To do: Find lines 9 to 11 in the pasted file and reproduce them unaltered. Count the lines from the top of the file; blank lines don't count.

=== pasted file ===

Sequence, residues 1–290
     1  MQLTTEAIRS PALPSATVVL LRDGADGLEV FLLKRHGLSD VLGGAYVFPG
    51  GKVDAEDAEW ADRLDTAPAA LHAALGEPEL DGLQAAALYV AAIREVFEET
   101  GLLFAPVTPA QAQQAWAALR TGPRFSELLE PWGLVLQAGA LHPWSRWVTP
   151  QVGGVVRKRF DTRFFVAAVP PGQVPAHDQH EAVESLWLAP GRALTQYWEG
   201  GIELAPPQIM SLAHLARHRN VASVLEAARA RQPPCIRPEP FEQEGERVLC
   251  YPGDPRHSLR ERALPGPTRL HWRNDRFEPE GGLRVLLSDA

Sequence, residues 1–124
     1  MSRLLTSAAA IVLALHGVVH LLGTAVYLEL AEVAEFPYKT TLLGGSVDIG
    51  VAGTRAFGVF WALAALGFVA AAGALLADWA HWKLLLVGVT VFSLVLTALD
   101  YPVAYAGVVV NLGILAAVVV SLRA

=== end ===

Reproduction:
     1  MSRLLTSAAA IVLALHGVVH LLGTAVYLEL AEVAEFPYKT TLLGGSVDIG
    51  VAGTRAFGVF WALAALGFVA AAGALLADWA HWKLLLVGVT VFSLVLTALD
   101  YPVAYAGVVV NLGILAAVVV SLRA